Sadly, the Palestinians have never had this kind of leader, so Israeli leaders have never been able to trust their Palestinian counterparts, nor indeed have they ever been effectively challenged to treat the Palestinian people justly and fairly. So, one set of leaders still appeals to hate, and the other to fear, and the result is a simmering state of division and war, which causes tremendous and recurring human trauma and suffering and now threatens the world’s peace.

Just consider where we would be now if the Palestinians had had a Gandhi, King, or Mandela, or the Israelis a Washington, Lincoln, MacArthur, or Marshall. Think of Russia with such a leader. There would be no war in Ukraine, with all the carnage that Putin personally has caused. Think of Syria, where Assad massacred his own people and destroyed his nation just to cling to power, as he still does. Think of North Korea. Think of Iran. Think of all the people who suffer throughout the world because of who their leaders are and how they operate, with their lack of integrity, empathy, courage, and vision, and think of all the damage and harm that they inflict on their own people and on their neighbors as well.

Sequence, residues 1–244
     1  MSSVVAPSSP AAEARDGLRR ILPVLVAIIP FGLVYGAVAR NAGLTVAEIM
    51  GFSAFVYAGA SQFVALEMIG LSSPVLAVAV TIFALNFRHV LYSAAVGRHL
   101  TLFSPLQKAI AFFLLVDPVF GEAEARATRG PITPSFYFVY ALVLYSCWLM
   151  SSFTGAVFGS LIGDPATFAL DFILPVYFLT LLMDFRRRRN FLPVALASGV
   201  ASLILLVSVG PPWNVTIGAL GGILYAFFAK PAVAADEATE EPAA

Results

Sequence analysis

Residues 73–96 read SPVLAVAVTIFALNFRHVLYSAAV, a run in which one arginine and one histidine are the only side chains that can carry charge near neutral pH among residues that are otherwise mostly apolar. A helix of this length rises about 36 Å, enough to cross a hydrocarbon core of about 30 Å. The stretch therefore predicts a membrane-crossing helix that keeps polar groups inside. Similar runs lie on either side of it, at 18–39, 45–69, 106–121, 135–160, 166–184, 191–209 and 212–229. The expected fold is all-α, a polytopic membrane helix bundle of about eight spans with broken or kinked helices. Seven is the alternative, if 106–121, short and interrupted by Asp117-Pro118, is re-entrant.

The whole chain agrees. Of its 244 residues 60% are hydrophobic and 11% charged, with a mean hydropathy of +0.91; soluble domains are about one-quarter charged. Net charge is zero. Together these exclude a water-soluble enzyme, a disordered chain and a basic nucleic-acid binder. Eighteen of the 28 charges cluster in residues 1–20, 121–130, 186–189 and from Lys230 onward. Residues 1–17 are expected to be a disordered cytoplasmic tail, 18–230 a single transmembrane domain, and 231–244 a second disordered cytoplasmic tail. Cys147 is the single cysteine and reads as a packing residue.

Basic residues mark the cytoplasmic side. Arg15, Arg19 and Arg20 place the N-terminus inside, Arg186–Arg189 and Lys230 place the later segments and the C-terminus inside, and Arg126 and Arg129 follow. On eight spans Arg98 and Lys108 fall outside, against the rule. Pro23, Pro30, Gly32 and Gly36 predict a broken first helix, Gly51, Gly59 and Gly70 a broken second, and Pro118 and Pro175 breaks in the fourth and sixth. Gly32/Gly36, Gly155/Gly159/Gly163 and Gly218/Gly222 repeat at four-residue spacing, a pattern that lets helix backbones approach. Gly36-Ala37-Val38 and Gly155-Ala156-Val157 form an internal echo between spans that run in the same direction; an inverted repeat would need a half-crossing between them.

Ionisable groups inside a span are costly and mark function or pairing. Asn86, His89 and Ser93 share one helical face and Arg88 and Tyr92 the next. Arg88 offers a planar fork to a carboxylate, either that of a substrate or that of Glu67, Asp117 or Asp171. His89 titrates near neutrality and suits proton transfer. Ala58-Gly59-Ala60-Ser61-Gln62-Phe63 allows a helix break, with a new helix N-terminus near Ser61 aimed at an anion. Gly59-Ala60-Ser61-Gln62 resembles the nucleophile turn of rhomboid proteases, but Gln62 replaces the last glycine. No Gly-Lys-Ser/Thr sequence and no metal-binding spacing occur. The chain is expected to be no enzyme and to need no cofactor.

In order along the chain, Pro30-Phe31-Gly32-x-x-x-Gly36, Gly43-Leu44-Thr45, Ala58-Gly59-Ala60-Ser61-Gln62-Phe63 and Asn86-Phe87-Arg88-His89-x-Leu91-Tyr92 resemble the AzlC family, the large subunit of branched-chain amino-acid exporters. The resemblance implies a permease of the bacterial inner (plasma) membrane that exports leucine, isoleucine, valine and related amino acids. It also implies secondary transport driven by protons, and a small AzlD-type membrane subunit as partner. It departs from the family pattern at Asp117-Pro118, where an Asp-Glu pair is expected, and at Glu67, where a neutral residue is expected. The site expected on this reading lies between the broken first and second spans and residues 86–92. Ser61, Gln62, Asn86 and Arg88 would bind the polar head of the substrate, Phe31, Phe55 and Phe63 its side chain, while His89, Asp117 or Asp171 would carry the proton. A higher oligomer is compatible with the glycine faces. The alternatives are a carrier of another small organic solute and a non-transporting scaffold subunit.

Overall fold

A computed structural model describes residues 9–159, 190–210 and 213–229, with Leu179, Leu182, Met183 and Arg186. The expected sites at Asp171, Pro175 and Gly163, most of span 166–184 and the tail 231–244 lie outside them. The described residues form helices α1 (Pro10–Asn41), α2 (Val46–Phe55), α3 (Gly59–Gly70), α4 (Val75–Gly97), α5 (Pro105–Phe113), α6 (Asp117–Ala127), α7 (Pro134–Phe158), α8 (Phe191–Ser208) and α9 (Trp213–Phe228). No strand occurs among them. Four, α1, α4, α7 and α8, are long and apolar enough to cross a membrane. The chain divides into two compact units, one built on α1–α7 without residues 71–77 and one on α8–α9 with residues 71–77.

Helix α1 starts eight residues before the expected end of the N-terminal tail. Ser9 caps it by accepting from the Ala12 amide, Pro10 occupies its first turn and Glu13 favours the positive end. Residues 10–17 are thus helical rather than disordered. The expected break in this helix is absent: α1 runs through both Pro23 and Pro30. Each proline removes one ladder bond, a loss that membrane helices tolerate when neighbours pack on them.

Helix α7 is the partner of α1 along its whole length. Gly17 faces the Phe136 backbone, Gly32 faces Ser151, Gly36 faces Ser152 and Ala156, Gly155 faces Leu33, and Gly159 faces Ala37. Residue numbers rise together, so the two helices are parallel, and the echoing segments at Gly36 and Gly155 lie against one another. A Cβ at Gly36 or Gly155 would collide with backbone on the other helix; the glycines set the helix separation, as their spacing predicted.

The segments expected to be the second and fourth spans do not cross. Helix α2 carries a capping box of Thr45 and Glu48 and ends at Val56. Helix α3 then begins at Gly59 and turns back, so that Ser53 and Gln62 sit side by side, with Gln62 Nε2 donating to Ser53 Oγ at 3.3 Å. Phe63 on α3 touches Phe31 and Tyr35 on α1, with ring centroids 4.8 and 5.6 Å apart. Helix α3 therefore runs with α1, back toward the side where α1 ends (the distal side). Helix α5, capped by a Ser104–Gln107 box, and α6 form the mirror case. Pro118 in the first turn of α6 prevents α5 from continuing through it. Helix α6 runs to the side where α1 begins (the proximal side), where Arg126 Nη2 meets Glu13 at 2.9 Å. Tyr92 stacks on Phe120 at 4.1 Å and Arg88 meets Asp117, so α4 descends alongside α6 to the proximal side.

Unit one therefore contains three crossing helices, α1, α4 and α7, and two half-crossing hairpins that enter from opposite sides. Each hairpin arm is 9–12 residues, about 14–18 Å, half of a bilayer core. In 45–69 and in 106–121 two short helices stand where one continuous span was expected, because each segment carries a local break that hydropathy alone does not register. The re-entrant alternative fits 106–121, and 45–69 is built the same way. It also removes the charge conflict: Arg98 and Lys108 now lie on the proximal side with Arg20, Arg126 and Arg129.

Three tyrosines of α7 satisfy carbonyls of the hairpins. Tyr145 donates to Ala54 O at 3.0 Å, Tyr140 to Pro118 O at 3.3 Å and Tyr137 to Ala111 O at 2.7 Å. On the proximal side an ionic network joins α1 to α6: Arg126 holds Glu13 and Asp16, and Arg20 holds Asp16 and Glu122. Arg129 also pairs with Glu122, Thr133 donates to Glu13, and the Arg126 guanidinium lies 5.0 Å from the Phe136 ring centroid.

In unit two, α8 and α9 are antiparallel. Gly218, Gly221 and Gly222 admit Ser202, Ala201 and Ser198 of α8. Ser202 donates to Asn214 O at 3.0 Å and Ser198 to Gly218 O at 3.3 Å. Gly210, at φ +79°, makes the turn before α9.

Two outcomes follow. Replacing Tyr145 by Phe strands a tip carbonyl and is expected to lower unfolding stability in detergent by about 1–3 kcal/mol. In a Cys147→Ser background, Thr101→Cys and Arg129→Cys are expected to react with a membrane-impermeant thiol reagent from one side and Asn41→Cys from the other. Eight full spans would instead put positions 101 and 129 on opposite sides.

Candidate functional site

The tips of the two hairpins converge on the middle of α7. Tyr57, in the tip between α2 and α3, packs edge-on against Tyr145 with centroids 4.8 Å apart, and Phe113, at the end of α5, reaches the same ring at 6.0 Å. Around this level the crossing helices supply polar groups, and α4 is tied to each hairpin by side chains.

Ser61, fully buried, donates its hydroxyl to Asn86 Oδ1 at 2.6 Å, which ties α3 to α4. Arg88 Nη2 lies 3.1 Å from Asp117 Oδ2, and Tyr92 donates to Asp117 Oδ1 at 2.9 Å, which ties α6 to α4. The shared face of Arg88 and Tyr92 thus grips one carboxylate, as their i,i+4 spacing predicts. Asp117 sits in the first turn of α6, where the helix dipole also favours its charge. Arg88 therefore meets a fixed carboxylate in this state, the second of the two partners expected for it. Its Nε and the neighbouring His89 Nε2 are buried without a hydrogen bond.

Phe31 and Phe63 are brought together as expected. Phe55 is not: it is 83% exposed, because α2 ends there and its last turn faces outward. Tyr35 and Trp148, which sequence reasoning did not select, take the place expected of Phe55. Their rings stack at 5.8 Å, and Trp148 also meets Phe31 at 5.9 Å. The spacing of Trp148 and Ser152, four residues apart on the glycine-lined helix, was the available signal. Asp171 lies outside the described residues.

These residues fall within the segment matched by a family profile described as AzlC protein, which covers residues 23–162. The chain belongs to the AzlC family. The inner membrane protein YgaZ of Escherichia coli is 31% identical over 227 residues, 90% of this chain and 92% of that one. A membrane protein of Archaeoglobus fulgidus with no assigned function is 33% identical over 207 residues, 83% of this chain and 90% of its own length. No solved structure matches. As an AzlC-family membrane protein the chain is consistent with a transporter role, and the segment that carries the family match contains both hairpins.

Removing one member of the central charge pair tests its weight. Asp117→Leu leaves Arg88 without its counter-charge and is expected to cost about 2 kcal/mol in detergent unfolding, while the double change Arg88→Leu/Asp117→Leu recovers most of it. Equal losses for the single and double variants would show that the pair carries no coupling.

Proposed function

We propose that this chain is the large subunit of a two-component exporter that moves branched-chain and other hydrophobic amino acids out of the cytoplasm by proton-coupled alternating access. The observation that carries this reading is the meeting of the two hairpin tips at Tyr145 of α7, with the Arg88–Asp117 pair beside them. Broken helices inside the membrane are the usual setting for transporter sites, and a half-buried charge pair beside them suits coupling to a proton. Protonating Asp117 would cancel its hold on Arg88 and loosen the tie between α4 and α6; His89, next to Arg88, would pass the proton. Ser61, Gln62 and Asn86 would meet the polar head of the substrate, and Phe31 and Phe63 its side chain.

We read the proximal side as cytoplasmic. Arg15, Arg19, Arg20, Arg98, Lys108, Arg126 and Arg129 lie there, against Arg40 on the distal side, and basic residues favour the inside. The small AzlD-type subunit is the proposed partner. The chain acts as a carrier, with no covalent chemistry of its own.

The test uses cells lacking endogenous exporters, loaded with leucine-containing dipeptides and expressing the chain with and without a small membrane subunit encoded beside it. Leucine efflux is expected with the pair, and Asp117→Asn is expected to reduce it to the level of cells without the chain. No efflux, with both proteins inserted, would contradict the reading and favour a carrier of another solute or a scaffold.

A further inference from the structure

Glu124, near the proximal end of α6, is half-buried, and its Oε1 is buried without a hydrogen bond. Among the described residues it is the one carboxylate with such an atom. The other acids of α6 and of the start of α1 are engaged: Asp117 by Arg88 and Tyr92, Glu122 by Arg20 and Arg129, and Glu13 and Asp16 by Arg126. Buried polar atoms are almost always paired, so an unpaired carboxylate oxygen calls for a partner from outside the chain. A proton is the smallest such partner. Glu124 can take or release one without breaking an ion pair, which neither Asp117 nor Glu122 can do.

This is why it is the mission of this school to produce “leaders for good in the world,” and this is why our mission of educating talented and ambitious young people is the work of the church. We need these leaders. I don’t care what type of government or history or religion or culture a country has; its present and future depends on the quality and decency of its leaders. And this is true of any human association or community; it is true of the church and of this school, and of every human family. Leadership counts. As I always tell our students, “You need to be both strong and good.” A leader who is strong but not good is a bully, and a leader who is good but not strong is a victim.